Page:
But, as our exclusive feature this month shows (see America faces up to customer drought), prices are falling as if the ice-cream summer had been wrecked by rain.
The problems are twofold. First, although the US economy is recovering, it is doing so from a very low base - and electricity demand remains lower than it was. Second, new exploration technologies have led to a glut of cheap gas. This has caused overall power prices to fall and is beginning to render wind uncompetitive. Spurred on by a robust subsidy and incentives regime, wind developers have cranked up supply only to find that demand is sliding away. It's not yet a disaster but it could be.
The federal government needs to shape up. Some argue that it has repeated the errors of past stimulus programmes by lavishing public funds on the supply side without securing demand. That is fair comment, but it is not too late to square the circle.
Any government solutions for boosting wind demand are likely to face the force of America's dyed-in-the-wool free-market ideology, particularly in Congress. This obstacle was painfully clear during President Barack Obama's bruising fight to reform healthcare. After a brief, buoyant honeymoon, his centre-left administration spent much of its first year in a misguided attempt to win consensus from the opposition Republican Party. The Republicans, scythed of many moderates amid an electoral blowout last year, have tacked firmly to the right and found their voice is strongest when saying "no" to government intervention. Now, having pushed a healthcare bill through, Obama should refocus on another pillar of his premiership - green growth.
There are two keys to the demand problem: pricing-in CO2 emissions to energy markets and establishing a Renewables Electricity Standard (RES) that requires utilities to derive a certain percentage of their power from renewables. Polluting energy types in the US are essentially subsidised by taxpayers because there is no effective market mechanism to ensure they pay the true cost of their activities. Even when renewables receive subsidies to bring them to the market, they remain vulnerable to underpriced fossil fuels once they get there.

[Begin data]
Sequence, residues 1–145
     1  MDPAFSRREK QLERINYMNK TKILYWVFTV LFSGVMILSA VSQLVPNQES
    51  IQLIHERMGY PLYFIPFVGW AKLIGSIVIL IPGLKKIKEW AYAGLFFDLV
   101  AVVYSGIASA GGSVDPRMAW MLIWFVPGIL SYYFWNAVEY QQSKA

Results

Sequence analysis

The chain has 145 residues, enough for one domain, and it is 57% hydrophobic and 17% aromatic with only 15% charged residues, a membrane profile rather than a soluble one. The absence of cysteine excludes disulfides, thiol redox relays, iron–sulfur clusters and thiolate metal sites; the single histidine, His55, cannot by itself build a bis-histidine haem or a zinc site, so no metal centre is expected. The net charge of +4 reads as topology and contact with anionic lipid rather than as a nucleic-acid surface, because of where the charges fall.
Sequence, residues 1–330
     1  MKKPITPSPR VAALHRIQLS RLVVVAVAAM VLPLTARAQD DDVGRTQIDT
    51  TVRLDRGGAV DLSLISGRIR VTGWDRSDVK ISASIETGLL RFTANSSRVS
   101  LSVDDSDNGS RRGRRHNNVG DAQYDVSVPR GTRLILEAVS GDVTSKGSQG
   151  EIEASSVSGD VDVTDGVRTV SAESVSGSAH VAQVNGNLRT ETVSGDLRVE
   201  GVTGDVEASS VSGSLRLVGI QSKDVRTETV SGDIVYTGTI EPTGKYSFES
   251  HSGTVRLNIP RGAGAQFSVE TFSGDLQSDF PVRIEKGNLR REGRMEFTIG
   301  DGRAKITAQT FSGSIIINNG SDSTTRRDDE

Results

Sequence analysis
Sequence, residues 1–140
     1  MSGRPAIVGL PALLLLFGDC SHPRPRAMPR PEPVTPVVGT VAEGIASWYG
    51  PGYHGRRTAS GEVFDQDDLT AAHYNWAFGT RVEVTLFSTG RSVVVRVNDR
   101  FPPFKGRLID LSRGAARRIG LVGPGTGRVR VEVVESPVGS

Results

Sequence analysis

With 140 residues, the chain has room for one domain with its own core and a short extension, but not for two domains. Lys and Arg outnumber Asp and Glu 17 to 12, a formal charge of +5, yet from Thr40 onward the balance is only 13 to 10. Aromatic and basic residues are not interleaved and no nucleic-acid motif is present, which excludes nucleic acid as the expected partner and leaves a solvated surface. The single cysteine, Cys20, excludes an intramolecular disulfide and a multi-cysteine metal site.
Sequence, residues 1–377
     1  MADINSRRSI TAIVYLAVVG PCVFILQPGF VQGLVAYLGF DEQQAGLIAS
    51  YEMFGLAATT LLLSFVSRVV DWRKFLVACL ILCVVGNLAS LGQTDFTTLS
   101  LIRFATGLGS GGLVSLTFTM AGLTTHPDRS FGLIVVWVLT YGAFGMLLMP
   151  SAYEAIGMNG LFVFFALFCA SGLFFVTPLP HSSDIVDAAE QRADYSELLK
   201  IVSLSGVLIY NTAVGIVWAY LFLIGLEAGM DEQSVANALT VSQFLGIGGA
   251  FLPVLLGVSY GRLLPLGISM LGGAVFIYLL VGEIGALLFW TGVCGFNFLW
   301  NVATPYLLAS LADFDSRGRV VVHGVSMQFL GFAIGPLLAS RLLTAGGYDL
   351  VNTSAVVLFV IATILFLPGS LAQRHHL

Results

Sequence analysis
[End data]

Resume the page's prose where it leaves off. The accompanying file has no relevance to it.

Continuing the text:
RES could save the day
Plans are afoot. A bill that would have effectively created a carbon-trading market in the US was passed in the House of Representatives only to run aground in the Senate amid the melee over healthcare. An RES has moved through its own congressional channels and, arguably, stands a better chance of success in the short term.
There is hope, too, that the healthcare battle may have taught Obama that there is no point trying to forge friends from sworn enemies. He may still take on carbon legislation now or, eyeing a bruising congressional election cycle in autumn, he may shelve carbon for now and instead deliver the RES. Congress will find it harder to block legislation that has already been passed in 28 states.
Some will call an RES a consolation prize but, carefully crafted, it will smooth out the demand rollercoaster to which renewables have clung for decades, while giving the president time to hone carbon legislation. Having ploughed eye-watering sums into re-inflating his economy through renewables development, he must now ensure a fair and long-term market exists for its output.
Ben Walker is editor of Windpower Monthly